It is not very often that a financial story comes along that requires referencing the Einstein’s theory of relativity to explain, but we have finally come to this.
One week ago, the Fed made an important surprise announcement — that it would not be reducing its bond buying program. The result of this announcement was that the price of stocks, bonds, and gold skyrocketed. In order for markets to be fair, everyone must receive this information simultaneously. However, in the crazy world of relativity, there is no such thing as simultaneous. And somebody used this fact in order to make a lot of money.
This is how it went down. Anyone who has watched the “Back to the Future” movies (or the movie “Trading Places”) knows that if you know in advance which way the markets are going to move, you can make trades that will make you rich beyond your wildest dreams. But in this case, you don’t need to own a DeLorean that can travel in time. After all, it is already the future somewhere else.
When the Fed makes a market moving announcement like this, they release the news at a very specific time. In this case 2pm in Washington DC, “as measured by the national atomic clock“. Now here is where it gets tricky. According to the theory of relativity, information cannot travel at faster than the speed of light. So it should take at least 3.2 milliseconds for this information to get from DC to Chicago (a millisecond is 1/1000 of a second, and light travels around 300 kilometers in one millisecond). But someone cheated the speed of light, and received this information in Chicago at exactly 2pm, which to them is 3.2 milliseconds early. With modern high speed stock trading systems (available only to the financial elite of course), that was just as good as having their own time machine.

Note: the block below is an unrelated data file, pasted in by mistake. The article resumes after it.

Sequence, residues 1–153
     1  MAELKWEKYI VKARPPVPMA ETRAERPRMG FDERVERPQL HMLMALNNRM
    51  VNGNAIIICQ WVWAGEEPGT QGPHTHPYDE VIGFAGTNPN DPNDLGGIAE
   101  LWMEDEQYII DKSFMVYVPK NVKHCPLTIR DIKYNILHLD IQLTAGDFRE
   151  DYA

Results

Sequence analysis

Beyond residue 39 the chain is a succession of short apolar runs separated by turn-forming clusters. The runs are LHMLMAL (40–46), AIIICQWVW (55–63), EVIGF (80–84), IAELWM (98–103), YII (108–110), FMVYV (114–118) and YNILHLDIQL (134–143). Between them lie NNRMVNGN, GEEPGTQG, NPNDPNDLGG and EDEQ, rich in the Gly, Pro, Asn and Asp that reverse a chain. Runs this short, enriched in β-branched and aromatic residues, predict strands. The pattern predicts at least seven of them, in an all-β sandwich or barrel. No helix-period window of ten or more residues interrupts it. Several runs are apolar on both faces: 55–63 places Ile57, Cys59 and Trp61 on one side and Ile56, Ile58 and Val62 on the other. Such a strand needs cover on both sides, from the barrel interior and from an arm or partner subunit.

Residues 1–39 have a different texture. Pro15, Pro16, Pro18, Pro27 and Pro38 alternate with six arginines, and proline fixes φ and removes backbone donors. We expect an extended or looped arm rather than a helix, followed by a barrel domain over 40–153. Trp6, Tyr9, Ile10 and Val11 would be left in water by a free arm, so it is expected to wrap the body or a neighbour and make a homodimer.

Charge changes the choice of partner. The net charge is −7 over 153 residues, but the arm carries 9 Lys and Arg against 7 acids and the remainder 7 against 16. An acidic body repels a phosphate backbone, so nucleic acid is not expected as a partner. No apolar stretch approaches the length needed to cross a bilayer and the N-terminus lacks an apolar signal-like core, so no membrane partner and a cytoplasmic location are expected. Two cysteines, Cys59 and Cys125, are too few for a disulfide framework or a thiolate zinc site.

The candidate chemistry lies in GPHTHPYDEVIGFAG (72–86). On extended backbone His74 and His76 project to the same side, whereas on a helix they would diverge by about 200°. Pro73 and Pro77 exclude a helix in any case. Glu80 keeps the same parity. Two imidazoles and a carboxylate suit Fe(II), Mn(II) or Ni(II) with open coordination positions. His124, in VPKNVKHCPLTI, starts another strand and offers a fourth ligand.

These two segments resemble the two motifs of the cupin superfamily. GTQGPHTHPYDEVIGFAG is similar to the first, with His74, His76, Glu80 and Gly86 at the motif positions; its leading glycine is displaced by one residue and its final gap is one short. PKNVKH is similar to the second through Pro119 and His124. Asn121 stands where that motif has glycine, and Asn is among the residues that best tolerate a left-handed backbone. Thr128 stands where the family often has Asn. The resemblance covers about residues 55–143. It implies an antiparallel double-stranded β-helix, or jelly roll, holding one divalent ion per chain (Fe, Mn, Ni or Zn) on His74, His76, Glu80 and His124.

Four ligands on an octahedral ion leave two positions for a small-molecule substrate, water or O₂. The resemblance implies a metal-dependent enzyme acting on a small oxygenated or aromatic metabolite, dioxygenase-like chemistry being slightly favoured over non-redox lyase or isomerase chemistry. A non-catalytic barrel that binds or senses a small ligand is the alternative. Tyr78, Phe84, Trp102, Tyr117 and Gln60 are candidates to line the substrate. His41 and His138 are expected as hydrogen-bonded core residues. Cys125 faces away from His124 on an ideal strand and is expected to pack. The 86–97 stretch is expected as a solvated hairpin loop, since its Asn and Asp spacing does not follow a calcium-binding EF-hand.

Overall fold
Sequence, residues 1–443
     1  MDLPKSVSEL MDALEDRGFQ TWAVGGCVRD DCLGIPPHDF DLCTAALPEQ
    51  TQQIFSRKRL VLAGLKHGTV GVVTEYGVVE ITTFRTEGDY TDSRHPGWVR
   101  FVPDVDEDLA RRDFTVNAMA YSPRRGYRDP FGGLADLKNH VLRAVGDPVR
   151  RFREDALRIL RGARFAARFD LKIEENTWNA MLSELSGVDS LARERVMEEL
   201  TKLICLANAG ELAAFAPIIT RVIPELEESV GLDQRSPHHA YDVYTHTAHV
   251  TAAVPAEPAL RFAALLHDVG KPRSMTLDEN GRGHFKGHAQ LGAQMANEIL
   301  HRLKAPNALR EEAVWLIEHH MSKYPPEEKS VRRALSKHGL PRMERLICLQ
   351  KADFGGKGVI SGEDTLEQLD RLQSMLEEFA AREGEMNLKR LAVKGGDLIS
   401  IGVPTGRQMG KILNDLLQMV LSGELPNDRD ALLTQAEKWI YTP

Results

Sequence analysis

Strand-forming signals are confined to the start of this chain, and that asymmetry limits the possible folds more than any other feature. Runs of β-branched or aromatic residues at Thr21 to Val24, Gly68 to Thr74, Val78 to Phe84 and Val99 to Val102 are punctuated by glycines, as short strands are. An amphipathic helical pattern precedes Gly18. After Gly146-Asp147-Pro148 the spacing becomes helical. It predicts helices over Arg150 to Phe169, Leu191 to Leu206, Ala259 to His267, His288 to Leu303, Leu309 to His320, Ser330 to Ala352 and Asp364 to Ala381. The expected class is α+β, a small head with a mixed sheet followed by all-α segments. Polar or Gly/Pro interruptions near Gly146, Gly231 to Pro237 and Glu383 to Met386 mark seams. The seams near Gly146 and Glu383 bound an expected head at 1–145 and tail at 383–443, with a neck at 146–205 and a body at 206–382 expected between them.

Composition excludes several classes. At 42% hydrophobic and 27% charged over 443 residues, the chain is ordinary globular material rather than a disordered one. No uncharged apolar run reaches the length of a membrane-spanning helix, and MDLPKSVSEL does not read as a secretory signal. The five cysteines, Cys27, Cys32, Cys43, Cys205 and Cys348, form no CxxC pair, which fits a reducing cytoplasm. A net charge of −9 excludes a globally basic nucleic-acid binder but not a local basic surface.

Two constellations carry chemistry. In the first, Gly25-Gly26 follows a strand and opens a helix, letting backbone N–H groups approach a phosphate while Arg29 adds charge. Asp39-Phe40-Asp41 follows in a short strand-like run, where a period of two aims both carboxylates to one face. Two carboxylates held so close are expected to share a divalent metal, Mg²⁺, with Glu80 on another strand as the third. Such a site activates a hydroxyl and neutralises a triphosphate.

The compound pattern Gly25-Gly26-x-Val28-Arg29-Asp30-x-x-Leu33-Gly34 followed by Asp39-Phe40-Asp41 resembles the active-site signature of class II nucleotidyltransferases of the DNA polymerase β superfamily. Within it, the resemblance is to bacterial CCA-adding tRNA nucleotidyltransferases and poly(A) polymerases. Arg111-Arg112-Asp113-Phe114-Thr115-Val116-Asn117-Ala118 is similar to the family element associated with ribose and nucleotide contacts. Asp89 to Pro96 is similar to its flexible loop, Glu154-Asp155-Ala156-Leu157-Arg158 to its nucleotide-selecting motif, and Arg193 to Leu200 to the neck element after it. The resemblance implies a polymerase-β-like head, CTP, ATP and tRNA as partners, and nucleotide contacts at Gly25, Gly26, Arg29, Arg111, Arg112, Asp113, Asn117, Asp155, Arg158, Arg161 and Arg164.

Receiving the information a few milliseconds before anyone else in Chicago allowed them to make several hundred million dollars in trades before anyone else. One to two milliseconds after 2pm (Chicago relative time), someone made (according to estimates) around $600 million in trades.
Why should you care about this? Because the money made by high-speed trading systems taking advantage of quirks like this is money that is siphoned away from everyone else, including you. It is money that your retirement nest-egg investment doesn’t make. And since billions of dollars are being spent on high-speed trading systems (including special high-speed light-carrying fibre optic communication lines, advanced computers, programming talent, and other resources that allow the ultra rich to execute an equity trade in around 10 microseconds), you know that they are taking a lot more than billions of dollars from people like you. In 2010, high-speed trades accounted for around 75% of all US equity trades. Which is a big reason why almost all the money made in the last decade has gone to the top 1%.